As an all-female band during the 1970s, the Runaways helped pave the way for women in rock music. The group started when then-teenage Joan Jett and Sandy West met and began playing music together in 1975. Other famous members of the Runaways included Cherie Currie and Lita Ford.
Does a band have to call itself feminist to be a feminist band? Must the women sing overtly political lyrics, or is being a successful, powerful, or independent woman a feminist act? The question reflects the Women’s Liberation Movement idea that the personal is political.
Although we may be unable to precisely define feminist band, the Runaways are widely considered an influential group. The Runaways are cited by many musicians and critics as a strong influence on women in punk, women in pop/rock, the 1990s Riot Grrrl movement, and other music scenes.
The Runaways were rock musicians who sang, played instruments, wrote songs, and performed around the world. Yet, they were teenage girls and young women, doing these things at a time when the majority of rock ‘n’ roll was played and controlled by men.
While radio station programmers enforced limits on the number of female vocalist songs played per hour, The Runaways stood up to a male-dominated system. Despite their level of international acclaim, in Europe and Japan particularly, their U.S. audience remained more of a cult following. Female fans who were also teenagers during the 1970s related to the music but could not get into the bars where The Runaways played.
For the Girls
Joan Jett said she knew from the start that the Runaways were trying to make it easier for other girls to do things, whether they wanted to be musicians or scientists. The resistance that the Runaways faced in the music industry paralleled the struggle of women in other career fields who faced entrenched male power. Music executives wanted to market the teenage girls’ aggressive sexuality, while at the same time refusing to take them seriously as women.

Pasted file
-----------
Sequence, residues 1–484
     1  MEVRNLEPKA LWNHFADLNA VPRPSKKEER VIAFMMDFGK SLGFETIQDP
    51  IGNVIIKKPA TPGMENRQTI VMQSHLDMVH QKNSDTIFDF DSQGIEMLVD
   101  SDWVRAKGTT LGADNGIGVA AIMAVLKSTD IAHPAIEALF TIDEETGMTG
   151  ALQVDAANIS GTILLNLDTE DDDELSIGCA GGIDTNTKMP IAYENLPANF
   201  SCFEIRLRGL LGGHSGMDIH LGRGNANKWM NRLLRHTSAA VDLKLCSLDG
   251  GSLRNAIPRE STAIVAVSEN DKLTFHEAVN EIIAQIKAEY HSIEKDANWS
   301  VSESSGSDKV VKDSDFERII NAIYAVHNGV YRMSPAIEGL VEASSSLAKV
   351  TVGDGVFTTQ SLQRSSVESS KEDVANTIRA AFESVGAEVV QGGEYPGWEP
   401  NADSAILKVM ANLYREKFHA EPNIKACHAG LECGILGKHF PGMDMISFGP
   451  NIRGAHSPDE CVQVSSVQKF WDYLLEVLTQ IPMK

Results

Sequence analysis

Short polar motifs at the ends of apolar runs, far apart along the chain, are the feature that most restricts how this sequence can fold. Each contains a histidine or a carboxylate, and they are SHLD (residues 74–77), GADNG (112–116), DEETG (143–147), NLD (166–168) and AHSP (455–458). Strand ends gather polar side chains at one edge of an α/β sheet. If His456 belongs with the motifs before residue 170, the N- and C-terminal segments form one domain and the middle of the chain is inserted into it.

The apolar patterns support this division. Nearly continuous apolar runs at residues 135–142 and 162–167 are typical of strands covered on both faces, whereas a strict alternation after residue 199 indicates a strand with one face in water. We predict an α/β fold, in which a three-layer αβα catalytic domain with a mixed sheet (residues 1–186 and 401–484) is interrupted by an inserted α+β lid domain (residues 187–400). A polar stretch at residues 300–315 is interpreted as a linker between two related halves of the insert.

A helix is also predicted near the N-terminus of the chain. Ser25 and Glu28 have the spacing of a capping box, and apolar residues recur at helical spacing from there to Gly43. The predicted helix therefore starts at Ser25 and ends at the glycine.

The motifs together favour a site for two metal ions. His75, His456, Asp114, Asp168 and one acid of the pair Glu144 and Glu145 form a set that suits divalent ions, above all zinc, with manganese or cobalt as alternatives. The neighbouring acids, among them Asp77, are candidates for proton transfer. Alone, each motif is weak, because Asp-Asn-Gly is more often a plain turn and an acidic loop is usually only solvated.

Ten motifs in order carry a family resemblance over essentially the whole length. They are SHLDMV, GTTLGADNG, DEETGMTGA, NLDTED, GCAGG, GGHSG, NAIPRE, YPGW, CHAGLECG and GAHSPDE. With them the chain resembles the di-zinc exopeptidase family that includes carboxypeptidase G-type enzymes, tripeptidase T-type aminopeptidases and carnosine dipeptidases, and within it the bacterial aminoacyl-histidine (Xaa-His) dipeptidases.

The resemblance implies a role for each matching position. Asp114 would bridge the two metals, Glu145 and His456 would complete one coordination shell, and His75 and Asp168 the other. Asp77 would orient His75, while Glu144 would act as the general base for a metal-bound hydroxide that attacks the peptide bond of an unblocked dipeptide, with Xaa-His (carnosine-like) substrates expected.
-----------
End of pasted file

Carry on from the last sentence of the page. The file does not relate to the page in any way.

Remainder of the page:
An Emerging Feminist Generation
Being teenagers in the mid-1970s, the girls who formed The Runaways were born during the oft-idealized U.S. 1950s and very early 1960s. Their lives mirror the timeline of the rise of second-wave feminism in the public consciousness.
As with most movements, the “rise” actually began before it entered the public consciousness. Joan Jett herself recalls a healthy relationship with her parents, who taught her that she could be anything she wanted to be.
After The Runaways
Music journalists have said that everything changed for female musicians after the Runaways. However, they played their last show at the end of 1978 and broke up in early 1979 feeling that they were still not fully accepted or taken seriously by the music industry.
Joan Jett founded her own record label in 1980 and has continued to perform for decades. Cherie Currie’s later albums included 1978’s Beauty’s Only Skin Deep and 1980’s Messin’ with the Boys.
The women in the Runaways modeled themselves after their idols, but during the 1970s those idols were mostly male -- David Bowie, Gene Simmons, and Keith Richards -- although they also revered Suzi Quatro. During subsequent decades, the Runaways themselves became rock idols to be emulated.